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Prep Football Notebook Week 7

From staff reports
South Rowan trampled North Iredell 63-0 last week.
One of the main reasons?
Zach attacked.
“We’re giving people fits at nose guard,” South coach Jason Rollins said.
The Raiders coach was talking about Zach Howell, who dominated the middle against North, helping hold the visitors to minus-14 yards rushing.
“Zach had a great game,” Rollins said. “For several weeks, we’ve had coaches comment on what he’s doing on the field. He was blowing that center and guard straight back.”
The 5-foot-11, 280-pound senior has gotten the chance this season after battling Kelsey Robinson for playing time in 2008, and Howell’s making the most of it.
“In the offseason, he worked his butt off,” Rollins said. “He’s a real humble kid. He never complains and never questions anything. He just goes out and does it. The transition from his freshman year to now has been great.”
People other than South’s coaches are noticing.
“Zach’s got people looking at him,” Rollins said, referring to college coaches. “He’s a monster.”

BOUNCE BACK: Rollins was glad to see South rebound from a 28-0 loss to West Rowan.
“After getting smacked in the mouth, especially from an offensive standpoint, we told them, ‘You’ve got something to prove. You’ve got to go out and smash somebody’s mouth,’ ” Rollins said. “And our kids came out with an attitude.”

HARRIS REPORT: No one seemed more focused than running back D’Andre Harris, who finished with 121 yards on just nine carries.
“He might have had one of his better games,” Rollins said. “He came out full of fire.”
Thomas Lowe gained 76 yards on six carries. Josh Suber made the most of his playing time, getting 85 yards on 11 tries.

B.J. FLINGS IT: South didn’t need Blake Houston to throw the ball in the rout. He was 2-for-3.
Receiver B.J. Grant was the passing leader, going 1-for-1 for 80 yards. He tossed a surprise bomb to Dylan Walker for the game’s first score.
Grant caught just one pass for 4 yards but didn’t seem to mind.
“He told me, ‘Coach it’s all right because I had more yards than Blake,’ ” Rollins chuckled. “I told Blake that B.J. took his job.”

SOUTH RADIO: With South off this week, WRNA 1140-AM will broadcast Carson at West Rowan.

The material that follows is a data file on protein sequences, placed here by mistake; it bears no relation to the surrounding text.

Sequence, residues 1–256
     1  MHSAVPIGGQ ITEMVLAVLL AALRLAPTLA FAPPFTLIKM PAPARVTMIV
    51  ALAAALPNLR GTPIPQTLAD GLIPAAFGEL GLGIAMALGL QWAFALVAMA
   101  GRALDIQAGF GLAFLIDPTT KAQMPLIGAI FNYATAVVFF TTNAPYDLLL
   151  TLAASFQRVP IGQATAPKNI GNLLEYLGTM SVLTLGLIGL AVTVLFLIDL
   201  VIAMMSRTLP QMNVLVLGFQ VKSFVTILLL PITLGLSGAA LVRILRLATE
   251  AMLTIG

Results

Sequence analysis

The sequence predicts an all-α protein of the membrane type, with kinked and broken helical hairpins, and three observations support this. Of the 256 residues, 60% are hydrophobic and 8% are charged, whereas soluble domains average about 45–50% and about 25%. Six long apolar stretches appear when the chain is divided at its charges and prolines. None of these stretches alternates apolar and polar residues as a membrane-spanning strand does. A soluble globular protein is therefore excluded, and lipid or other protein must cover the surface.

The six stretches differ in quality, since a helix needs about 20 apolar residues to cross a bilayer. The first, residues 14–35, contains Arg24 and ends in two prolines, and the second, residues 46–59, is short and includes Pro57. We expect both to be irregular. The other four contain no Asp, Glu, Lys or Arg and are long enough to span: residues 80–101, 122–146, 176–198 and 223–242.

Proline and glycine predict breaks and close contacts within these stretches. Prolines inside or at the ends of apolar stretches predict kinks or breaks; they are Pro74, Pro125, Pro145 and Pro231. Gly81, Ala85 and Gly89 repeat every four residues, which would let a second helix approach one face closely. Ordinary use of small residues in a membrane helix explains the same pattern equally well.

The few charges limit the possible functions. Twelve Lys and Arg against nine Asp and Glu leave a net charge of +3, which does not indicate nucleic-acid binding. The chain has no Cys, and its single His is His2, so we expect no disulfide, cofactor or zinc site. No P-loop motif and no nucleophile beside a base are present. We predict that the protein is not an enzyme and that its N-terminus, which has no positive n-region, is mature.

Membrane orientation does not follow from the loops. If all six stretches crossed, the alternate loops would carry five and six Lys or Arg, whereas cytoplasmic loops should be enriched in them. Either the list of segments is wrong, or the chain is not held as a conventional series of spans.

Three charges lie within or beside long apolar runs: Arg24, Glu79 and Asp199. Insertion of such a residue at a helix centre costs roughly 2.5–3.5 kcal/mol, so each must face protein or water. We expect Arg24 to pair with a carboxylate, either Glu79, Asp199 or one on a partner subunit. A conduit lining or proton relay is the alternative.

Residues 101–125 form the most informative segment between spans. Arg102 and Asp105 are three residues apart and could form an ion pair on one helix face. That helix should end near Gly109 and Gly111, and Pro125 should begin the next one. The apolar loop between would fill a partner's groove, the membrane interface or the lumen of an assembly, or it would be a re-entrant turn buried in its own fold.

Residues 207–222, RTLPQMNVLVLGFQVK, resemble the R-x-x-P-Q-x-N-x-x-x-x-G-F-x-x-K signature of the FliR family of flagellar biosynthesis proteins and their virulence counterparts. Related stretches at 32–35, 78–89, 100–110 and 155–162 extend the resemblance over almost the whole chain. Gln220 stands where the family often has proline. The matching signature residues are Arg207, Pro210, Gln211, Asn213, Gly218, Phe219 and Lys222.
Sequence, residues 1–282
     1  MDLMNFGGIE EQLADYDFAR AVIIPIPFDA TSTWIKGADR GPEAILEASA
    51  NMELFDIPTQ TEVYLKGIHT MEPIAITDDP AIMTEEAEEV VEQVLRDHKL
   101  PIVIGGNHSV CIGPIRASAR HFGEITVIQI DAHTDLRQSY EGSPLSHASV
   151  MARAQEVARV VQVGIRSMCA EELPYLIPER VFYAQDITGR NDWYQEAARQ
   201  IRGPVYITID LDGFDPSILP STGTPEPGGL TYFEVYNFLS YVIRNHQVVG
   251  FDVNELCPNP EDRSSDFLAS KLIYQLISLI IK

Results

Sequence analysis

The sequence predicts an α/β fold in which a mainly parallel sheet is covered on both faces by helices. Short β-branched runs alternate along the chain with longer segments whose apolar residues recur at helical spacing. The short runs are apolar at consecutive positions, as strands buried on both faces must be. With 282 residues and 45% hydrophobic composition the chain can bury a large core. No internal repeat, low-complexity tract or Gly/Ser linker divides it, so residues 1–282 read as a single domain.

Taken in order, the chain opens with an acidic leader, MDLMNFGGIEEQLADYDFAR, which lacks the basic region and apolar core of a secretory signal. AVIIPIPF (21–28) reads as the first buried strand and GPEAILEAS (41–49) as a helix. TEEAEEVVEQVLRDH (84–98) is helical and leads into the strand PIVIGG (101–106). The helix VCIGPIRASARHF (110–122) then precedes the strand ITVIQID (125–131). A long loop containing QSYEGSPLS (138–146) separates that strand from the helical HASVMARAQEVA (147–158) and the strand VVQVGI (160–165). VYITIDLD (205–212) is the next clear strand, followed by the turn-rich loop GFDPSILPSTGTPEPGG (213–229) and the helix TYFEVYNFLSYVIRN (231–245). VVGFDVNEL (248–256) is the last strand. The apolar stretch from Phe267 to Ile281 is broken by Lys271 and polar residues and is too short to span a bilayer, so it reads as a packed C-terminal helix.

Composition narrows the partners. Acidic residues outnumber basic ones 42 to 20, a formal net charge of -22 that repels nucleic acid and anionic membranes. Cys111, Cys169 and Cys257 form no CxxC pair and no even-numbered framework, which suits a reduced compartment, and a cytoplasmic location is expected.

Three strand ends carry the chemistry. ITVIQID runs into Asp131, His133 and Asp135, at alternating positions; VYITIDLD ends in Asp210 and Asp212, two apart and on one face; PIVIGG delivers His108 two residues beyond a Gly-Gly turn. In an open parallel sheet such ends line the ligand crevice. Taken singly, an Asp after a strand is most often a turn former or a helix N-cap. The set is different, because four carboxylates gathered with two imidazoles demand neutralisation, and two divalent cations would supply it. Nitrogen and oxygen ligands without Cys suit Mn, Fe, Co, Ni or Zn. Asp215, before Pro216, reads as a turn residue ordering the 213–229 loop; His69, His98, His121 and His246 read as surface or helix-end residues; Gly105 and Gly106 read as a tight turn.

BLOWOUT: South’s 63-0 victory was its biggest romp since a 70-0 rout of Mooresville in 1978 that established school records for most points scored and largest margin of victory.
North Rowan, which beat East Montgomery 40-12 on Friday, had its most dominant defensive effort and most productive rushing output in at least 15 years.
East Montgomery, which scored twice on defense, rushed for minus-55 yards and finished with minus-22 yards of total offense. North rushed for 347 yards.
“We made two mistakes and gave them 12 points,” North coach Tasker Fleming said. “The defense pitched a shutout, and the offense did some good things. Hopefully we can keep getting better in all areas.”
The stingiest defensive effort in recent memory came in 2006, when West Rowan held Carson to minus-52 yards rushing. The Cougars passed for only 3 yards in a 48-0 loss.
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RUN WITH IT: The Cavs, long known for their passing prowess, have now rushed for at least 300 yards five times in the last 25 years.
They had 309 in a 2003 playoff loss to South Robeson ó Mark Sturgis ran for 196 and quarterback Sakelo Lilly accounted for 113.
The other games on that list: 326 vs. Central Davidson in 2001, 330 vs. Lexington in 2000 and 332 vs. Ledford in 1986. Darryl Jackson, whose son is a starting cornerback for the 2009 Cavs, and Rodney Miller had 100-yard games in that Ledford contest.
Last Friday, North almost had a trio of 100-yard rushers. Cameron Mallett had 100 on the dot, Malik Jones finished with 99 and Vince Shropshire ran for 95.
“We just try to spread it out,” Fleming said. “We don’t have Tony Dorsett, anyone they can key on. That’s a good thing.
“We’ve got a crew of about six who can run the ball, and we don’t call a play based on who’s out there. Just try to keep them fresh.”
North rushed for a total of 275 yards in its first four games, and it’s combined for 502 in a pair of YVC wins. Mallett praised the blocking from a group that included players such as Desmond Turner, Keith Reid, Garland Archie and Sam Mauldin (tight end).
The best single-game effort by a back in North history occurred in 1973, when Jimmy Heggins rushed for 254 yards against West Davidson. The Cavs had 303 yards on the ground as a team.
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NEGATIVE APPROACH: An opponent has now rushed for negative yardage against North four times in the last 15 years.
West Stokes had minus-9 yards rushing and 15 yards passing in 2002. North Stanly had minus-3 yards rushing and 7 yards passing in 2000. Mount Pleasant had minus-1 yard rushing and 80 yards passing in 1995.
East Montgomery was credited with one team rush, and six different Eagles had carries against North. Only Chris Everett (10 rushes for 7 yards) finished with a positive total. He didn’t move out of negative territory until the final minute of the third quarter.
“You could take a defensive team picture with what we did Friday,” Fleming said. “In 25 years of coaching, I’ve never had an entire game where the offense was negative.”
Shropshire, Archie, Darryl Jackson, Javon Hargrave, Eric Robinson, Greg Melton, Darrius Jackson and Dominique Meade made stops behind the line of scrimmage for North.
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LEAGUE OF THEIR OWN: North is 2-0 in conference play for the first time since 2005, when it started 5-0 in the CCC and shared the league title.